For 42 years he championed new voices and new publishers and fought tirelessly to get them the attention they deserve. It was a lifetime of service not only to literature but also to the field of publishing, of which he was a devoted scholar. Whether it was choosing just the right font, navigating the changing marketplace of bookselling, or understanding the historical pattern of the changes in printing technology, his wisdom and devotion were unmatched. [Publishers Weekly]

Books of my life: Tavi Gevinson

Writer-editor-actress Tavi Gevinson is probably tired of discussing her age, but it’s worth noting that the 18-year-old is by far the youngest author to take EW’s Books of My Life survey. Jonathan Franzen and Hilary Mantel have done it in the past, and Gevinson, who is also featured in an EW Lightbulb interview this week, more than holds her own. Read on to learn what books have most influenced the phenom, editor of the newly published Rookie Yearbook Three, and star of Broadway’s This Is Our YouthREAD FULL STORY

(Updated) Chris Colfer to continue 'Land of Stories' series with new novels, picture books

UPDATE: Chris Colfer tweeted out the titles for his Land of Stories companion books–The Mother Goose Diaries and Queen Red Riding Hood’s Guide To Royalty–and wrote that the picture books will be about the characters Curvy Tree and Trollbella.

ORIGINAL STORY: Though Glee‘s story may be coming to a close, Chris Colfer is hard at work on expanding another one of his stories.


On the Books: Daniel Handler, a.k.a. Lemony Snicket, apologizes for racist comments

- Daniel Handler, the author best known by his pen name Lemony Snicket, has apologized for a racially insensitive joke he made while hosting Wednesday’s National Book Awards. After Jacqueline Woodson, a children’s author who is black, accepted young people’s literature prize, Handler mentioned she had once told him she was allergic to watermelon—and then he started riffing on that fact.

“Just let that sink in your mind,” said Handler, elaborating that he told Woodson to put it in a book, who then told Handler to put it in his book. “I said, ‘I’m only writing a book about a black girl who’s allergic to watermelon if I get a blurb from you, Cornel West, Toni Morrison, and Barack Obama saying, ‘This guy’s OK.'” [Washington Post]

- Barbie dolls are tenuous role models at best. Mattel has occasionally made strange marketing decisions when promoting its iconic toy over the last five decades, including a 1965 doll that came with a fake scale set to an absurd 110 pounds and a 1992 “Teen Talk Barbie” that made declarations like “Math class is tough!”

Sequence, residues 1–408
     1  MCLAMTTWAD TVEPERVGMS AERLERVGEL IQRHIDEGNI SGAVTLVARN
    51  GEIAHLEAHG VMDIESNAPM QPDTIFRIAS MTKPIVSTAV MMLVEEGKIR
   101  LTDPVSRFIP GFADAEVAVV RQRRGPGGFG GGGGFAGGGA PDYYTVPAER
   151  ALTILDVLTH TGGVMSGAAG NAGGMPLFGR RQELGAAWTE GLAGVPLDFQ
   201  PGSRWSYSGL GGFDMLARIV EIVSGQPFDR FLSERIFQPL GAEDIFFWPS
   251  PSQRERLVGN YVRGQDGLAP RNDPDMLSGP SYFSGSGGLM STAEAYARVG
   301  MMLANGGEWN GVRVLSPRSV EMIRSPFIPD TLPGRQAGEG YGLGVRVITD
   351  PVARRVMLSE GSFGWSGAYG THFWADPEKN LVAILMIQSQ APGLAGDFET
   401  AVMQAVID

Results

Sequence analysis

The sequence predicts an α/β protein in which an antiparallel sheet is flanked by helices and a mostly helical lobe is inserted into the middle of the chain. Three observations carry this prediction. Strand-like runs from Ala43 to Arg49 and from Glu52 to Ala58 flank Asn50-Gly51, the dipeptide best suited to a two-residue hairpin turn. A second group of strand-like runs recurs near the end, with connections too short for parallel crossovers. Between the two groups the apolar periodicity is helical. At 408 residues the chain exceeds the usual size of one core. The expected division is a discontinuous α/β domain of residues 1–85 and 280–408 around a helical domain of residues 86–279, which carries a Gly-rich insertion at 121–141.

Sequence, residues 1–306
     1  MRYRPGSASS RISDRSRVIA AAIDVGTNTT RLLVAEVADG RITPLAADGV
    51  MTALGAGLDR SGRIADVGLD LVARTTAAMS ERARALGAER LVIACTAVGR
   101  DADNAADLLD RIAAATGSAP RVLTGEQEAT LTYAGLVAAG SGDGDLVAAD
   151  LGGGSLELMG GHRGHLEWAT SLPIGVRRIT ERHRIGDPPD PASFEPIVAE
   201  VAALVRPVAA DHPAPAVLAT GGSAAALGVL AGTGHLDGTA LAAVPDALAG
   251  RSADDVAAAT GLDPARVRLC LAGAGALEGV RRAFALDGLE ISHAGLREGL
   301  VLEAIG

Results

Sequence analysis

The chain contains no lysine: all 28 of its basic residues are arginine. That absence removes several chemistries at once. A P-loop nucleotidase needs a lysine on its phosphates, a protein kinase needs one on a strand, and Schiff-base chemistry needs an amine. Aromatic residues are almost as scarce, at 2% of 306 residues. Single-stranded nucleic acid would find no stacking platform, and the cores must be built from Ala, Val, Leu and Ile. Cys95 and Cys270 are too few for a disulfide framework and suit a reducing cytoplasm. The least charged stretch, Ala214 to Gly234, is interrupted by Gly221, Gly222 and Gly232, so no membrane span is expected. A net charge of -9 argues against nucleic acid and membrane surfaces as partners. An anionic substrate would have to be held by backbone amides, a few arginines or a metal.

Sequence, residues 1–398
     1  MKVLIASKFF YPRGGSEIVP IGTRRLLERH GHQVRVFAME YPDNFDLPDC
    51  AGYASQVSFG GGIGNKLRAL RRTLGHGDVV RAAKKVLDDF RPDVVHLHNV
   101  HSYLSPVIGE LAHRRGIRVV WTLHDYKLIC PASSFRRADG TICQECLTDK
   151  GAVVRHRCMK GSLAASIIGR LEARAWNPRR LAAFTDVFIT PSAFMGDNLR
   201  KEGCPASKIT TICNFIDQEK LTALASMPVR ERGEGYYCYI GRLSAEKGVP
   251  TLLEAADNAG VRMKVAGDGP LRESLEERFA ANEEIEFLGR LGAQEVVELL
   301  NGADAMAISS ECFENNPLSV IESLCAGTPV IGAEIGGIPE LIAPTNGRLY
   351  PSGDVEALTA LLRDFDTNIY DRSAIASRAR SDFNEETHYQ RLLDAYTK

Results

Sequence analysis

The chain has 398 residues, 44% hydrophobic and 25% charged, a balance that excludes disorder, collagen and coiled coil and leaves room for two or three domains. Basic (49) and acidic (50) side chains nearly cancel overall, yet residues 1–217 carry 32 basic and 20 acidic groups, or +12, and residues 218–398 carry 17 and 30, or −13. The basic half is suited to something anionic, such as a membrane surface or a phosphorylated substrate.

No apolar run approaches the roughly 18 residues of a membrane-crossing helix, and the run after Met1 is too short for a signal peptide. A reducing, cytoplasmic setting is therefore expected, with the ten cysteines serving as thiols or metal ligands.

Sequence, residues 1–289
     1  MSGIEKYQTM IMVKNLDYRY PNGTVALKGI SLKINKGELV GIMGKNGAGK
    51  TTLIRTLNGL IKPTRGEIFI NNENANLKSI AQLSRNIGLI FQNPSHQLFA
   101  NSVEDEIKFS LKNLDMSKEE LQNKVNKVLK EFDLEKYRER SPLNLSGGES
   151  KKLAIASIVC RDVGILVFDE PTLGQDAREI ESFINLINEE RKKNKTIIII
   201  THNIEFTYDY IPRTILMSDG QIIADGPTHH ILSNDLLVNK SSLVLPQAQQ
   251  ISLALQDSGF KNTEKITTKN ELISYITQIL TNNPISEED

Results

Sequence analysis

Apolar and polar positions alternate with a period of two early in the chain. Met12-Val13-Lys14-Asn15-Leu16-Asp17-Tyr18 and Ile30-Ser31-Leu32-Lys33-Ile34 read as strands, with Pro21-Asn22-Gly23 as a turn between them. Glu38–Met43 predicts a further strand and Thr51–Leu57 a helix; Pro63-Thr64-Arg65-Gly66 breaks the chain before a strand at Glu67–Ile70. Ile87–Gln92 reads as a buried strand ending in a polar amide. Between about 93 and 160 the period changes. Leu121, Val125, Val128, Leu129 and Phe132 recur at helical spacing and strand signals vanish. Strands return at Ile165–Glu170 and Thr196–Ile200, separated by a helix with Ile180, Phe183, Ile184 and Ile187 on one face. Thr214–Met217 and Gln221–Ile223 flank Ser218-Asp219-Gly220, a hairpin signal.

Now author and blogger Pamela Ribon has uncovered another problematic Barbie product. On her blog, Ribon recounts discovering a book called Barbie: I Can Be a Computer Engineer through a friend. The title might sound innocuous, but in the book Barbie accidentally downloads a virus that crashes her computer, before unwittingly transferring it to her sister Skipper’s and eventually calling in two male characters to fix the mess.

Mattel posted an apology to its Facebook Wednesday, claiming that since the book’s original 2010 release, “we have reworked our Barbie books” and “Barbie titles moving forward will be written to inspire girl’s imaginations and portray an empowered Barbie character.” It also has pulled the title for good. Try to forget the disheartening thought that apparently Mattel did think this characterization of women was appropriate just four years ago, and enjoy one of the book’s many parodies, including a “feminist hacker” version where users can rewrite the story’s text themselves. [L.A. Times]

- Earlier this year, the U2-scored musical Spider-Man: Turn Off the Dark ended its two-and-a-half year run on Broadway. If you still haven’t found what you’re looking for, the relationship between the Irish rockers and comics continues to grow. Bluewater Comics has released a biographical graphic novel about Bono (presumably in his pre-cycling injury state). “In writing the comic, I wanted to convey the legendary performer as the ultimate Everyman,” said author Michael Frizell. No word yet on whether the e-book edition will suddenly appear on every iPad in America. [Mediabistro]


See the cover for Carrie Ryan's latest YA novel


Mark your calendars: On June 2, best-selling author Carrie Ryan is returning to YA with a Revenge-esque thriller titled Daughter of Deep Silence. EW‘s got an exclusive first look at the cover (above).

Daughter of Deep Silence is a revenge thriller and a romance, but it’s also a sharp and painful examination of identity,” Julie Strauss-Gabel, Vice President and Publisher of Dutton Books tells EW exclusively. “What does it mean to rebuild your life as a lie? How much is left of the awkward, shy-girl narrator Libby has cast off and buried away in anger?” READ FULL STORY